Friday, September 20, 2013

A day in Antarctica

Next weekend my players will spend a day in Antarctica. They will land at McMurdo station, prep their gear, fly to Amundsen–Scott station (geographic south pole) and from there they will be "smuggled" as a science crew to get close enough to their target. A strange complex in the mountains and their inhabitants, a group of rogue mercenaries up to something. After the drop off it's all on foot and snow mobiles to the merc complex. Sneak, spy and even infiltrate are their orders.

Quite a lot for a day's work you'd think. Well think again because a day in Antarctica lasts a whole six months. That's right. Although the duration may vary the further north you go, at true south sun is coming up tomorrow September 21 at 5:26 am and ain't setting for a whole six months. That gives our brave adventurers quite some time to finish their mission. But let's not let them get too confident because when the sun sets night will last a whole six months too, and not even the Energizer bunny is going to keep their NVGs going that long!


Sunrise marks the beginning of spring, the arrival of warmer days and supply airplanes. Warmer is a relative term there, it means going from an average high of -55°C (-68°F) in winter to -26°C (-14°F) in summer. It also literally means the appearance of the sun over the horizon. something that has been missing for the last six months.

No wonder "Here comes the sun" by the Beatles has been played at least once to welcome the sunrise and nowhere is the song's lyrics more fitting after six months of no sun.

Probably unaware to many is the Sun's role in bone structure and mood swings of human beings. Vitamin D is produced in the skin. Without it the body suffers. It is strongly related with bone issues like osteoporosis, rickets (bone softening) in children and osteomalacia. "Vitamin D deficiency has been associated with increased risks of deadly cancers, cardiovascular disease, multiple sclerosis, rheumatoid arthritis, and type 1 diabetes mellitus." (http://ajcn.nutrition.org/content/80/6/1678S.full)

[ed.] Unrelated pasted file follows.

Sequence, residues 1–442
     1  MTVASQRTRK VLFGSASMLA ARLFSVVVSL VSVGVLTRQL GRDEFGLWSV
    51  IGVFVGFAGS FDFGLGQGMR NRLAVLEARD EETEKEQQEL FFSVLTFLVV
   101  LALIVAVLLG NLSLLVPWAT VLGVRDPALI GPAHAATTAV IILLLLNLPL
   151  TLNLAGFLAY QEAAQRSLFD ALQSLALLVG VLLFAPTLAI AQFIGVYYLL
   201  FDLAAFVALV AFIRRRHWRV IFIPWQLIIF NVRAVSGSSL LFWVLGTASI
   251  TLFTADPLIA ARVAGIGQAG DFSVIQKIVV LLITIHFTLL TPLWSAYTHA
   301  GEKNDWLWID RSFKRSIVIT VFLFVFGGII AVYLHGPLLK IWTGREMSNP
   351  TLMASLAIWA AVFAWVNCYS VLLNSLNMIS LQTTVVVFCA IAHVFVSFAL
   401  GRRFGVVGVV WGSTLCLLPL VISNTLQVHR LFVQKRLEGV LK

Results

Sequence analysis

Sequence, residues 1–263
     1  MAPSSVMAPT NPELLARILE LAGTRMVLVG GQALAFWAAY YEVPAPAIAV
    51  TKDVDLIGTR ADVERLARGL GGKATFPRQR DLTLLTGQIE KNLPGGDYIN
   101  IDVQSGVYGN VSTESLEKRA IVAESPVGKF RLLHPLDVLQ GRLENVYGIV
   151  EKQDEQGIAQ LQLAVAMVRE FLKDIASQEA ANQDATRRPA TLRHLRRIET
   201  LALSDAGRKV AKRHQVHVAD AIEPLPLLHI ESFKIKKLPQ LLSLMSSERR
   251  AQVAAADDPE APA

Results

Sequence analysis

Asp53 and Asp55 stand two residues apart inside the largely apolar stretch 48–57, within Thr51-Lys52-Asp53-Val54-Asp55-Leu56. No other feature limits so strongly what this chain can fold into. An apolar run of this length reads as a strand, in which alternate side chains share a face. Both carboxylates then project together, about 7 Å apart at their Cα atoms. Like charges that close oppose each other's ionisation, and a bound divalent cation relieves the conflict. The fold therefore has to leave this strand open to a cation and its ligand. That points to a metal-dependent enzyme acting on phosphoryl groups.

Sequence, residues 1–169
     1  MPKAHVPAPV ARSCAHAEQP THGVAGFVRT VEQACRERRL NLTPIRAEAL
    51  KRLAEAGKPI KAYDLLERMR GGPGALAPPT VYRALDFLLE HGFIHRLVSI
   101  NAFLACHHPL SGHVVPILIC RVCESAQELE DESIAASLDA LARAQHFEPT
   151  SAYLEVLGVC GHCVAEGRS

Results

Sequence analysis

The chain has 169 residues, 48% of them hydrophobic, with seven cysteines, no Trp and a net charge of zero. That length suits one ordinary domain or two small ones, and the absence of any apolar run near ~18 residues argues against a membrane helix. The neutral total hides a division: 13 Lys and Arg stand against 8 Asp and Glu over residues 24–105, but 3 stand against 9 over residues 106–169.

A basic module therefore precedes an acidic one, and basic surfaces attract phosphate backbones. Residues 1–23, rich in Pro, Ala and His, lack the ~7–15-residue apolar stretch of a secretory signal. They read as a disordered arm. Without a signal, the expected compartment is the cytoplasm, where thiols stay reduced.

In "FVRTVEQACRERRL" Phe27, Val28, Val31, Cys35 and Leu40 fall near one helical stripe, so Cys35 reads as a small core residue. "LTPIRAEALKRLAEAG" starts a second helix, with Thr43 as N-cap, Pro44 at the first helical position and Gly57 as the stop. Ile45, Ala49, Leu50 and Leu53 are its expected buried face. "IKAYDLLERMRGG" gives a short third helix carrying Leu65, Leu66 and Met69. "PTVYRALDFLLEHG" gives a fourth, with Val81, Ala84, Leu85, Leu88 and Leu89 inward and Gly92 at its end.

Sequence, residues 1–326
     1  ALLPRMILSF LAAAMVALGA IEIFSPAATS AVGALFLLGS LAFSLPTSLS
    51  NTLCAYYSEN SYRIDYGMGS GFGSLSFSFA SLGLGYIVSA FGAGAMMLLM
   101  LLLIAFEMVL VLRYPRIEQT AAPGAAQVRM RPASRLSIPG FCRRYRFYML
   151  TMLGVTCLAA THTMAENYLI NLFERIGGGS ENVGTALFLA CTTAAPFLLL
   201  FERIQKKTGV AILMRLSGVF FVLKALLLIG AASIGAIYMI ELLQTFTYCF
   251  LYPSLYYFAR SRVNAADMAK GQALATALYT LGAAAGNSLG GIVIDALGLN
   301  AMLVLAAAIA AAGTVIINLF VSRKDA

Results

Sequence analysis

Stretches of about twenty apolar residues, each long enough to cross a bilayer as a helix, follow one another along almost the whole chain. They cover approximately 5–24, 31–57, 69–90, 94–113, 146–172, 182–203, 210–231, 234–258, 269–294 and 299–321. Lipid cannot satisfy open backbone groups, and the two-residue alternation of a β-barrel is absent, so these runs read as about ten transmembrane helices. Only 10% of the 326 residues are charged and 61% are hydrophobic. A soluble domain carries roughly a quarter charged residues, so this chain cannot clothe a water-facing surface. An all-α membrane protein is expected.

Lack of sunlight is also related to depression as serotonin is dependent on sunlight as well. Without it mood swings and even suicidal tendencies could emerge. Men respond differently to serotonin deficiency than women "...men became impulsive but not necessarily depressed. Women, on the other hand, experienced a marked drop in mood and became more cautious, an emotional response commonly associated with depression." (http://www.webmd.com/depression/features/serotonin?page=2)

So let's start piecing things together. Antarctica is a wonderful place where firearms tend to malfunction, get stuck, become brittle, can't be fired as quickly in a stressful situation, food and water freezes, your next step on the snow could be your last, you might find yourself stranded in a pancake of snow as flat as the eye can see and on top of that the lack of sunlight creates painful bone diseases and lack of brain chemicals that lead to mood swings. Isn't this a lovely setting??

Of course not all Antarctica is all day for six months and then all night for another six months. The amount of light is shown on the following diagram. As you can see light gradually diminishes and then increases over a period of months, not hours.




At McMurdo station the light fluctuation is as follows:


Even though there is more fluctuation in sunlight during the day it never really becomes daylight during winter, specially the coldest months of June and July. It also never quite gets dark during summer. Posing another threat to the party: visual contact.